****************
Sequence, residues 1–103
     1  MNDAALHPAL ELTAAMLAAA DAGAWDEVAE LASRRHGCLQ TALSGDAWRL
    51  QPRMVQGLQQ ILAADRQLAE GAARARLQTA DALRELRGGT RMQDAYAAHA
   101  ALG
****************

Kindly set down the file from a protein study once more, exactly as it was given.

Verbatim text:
Sequence, residues 1–103
     1  MNDAALHPAL ELTAAMLAAA DAGAWDEVAE LASRRHGCLQ TALSGDAWRL
    51  QPRMVQGLQQ ILAADRQLAE GAARARLQTA DALRELRGGT RMQDAYAAHA
   101  ALG